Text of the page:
Free access
Free access
Caren Marzban
,
Jueyi Liu
, and
Philippe Tissot

Abstract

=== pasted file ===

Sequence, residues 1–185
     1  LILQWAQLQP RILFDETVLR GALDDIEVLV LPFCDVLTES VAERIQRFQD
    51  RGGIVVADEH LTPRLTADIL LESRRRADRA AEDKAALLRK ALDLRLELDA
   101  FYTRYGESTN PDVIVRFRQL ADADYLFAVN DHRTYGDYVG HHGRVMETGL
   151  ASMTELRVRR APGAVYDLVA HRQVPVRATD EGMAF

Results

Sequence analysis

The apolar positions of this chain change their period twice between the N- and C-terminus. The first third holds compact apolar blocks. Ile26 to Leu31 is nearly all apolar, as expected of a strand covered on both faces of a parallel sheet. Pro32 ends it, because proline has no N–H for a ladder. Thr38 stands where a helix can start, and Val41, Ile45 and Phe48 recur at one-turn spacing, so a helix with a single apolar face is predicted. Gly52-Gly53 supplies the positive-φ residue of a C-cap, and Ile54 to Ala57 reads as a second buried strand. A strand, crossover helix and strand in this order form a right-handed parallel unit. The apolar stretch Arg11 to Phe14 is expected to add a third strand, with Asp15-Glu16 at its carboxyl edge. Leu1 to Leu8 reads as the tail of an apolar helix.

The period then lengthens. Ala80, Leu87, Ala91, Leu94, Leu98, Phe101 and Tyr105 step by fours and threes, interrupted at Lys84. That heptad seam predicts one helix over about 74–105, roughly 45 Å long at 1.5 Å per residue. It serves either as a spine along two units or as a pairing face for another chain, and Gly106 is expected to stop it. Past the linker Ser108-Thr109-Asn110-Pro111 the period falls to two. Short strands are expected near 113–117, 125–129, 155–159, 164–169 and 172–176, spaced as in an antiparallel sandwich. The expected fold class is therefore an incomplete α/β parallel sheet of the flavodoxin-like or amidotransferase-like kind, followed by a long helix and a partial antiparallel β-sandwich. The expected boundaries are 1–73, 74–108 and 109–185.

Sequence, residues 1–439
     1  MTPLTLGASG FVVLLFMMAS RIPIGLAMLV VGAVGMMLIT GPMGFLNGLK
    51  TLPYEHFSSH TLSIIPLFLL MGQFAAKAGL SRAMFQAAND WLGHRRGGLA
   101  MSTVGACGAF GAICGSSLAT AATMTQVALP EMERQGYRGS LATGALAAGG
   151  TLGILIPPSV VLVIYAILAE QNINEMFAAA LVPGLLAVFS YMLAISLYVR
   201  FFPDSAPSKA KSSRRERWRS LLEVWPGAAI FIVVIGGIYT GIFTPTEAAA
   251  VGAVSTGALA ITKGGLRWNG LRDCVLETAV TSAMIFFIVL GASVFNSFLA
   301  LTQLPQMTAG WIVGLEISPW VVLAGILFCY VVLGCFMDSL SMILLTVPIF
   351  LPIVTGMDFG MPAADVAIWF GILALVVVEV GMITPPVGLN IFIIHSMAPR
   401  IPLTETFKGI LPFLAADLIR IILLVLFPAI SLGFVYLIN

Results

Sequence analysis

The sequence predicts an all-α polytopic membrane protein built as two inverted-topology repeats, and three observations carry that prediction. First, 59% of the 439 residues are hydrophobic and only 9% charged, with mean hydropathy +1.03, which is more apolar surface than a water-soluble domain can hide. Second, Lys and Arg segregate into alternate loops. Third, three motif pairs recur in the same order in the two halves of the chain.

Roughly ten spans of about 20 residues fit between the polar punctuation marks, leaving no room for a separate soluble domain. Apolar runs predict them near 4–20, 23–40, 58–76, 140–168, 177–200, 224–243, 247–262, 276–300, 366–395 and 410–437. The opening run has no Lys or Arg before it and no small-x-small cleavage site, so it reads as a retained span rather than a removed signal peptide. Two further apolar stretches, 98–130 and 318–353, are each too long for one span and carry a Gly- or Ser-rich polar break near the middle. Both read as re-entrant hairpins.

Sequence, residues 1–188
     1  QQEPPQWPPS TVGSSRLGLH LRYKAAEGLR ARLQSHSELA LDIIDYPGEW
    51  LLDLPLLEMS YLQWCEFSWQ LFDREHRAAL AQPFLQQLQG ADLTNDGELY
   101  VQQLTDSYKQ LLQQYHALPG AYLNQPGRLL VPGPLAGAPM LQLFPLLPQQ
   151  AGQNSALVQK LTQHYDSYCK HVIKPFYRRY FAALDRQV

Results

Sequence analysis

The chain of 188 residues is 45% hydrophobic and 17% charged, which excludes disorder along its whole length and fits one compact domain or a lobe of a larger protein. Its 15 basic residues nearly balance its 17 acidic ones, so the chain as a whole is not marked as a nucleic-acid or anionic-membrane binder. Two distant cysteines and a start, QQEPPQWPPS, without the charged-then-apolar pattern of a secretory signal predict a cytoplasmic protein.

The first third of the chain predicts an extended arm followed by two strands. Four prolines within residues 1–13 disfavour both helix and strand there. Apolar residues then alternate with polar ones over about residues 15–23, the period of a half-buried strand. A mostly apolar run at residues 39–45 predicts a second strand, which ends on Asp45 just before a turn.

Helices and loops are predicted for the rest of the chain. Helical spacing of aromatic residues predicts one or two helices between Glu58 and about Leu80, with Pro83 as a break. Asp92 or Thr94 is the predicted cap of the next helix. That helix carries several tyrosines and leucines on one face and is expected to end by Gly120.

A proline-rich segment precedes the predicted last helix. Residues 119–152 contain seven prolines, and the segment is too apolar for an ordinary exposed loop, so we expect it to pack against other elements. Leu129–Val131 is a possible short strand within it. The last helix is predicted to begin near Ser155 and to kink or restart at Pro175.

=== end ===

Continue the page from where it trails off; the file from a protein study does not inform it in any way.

Resampling methods such as cross validation or bootstrap are often employed to estimate the uncertainty in a loss function due to sampling variability, usually for the purpose of model selection. In models that require nonlinear optimization, however, the existence of local minima in the loss function landscape introduces an additional source of variability that is confounded with sampling variability. In other words, some portion of the variability in the loss function across different resamples is due to local minima. Given that statistically sound model selection is based on an examination of variance, it is important to disentangle these two sources of variability. To that end, a methodology is developed for estimating each, specifically in the context of K-fold cross validation, and neural networks (NN) whose training leads to different local minima. Random effects models are used to estimate the two variance components—that due to sampling and that due to local minima. The results are examined as a function of the number of hidden nodes, and the variance of the initial weights, with the latter controlling the “depth” of local minima. The main goal of the methodology is to increase statistical power in model selection and/or model comparison. Using both simulated and realistic data, it is shown that the two sources of variability can be comparable, casting doubt on model selection methods that ignore the variability due to local minima. Furthermore, the methodology is sufficiently flexible so as to allow assessment of the effect of other/any NN parameters on variability.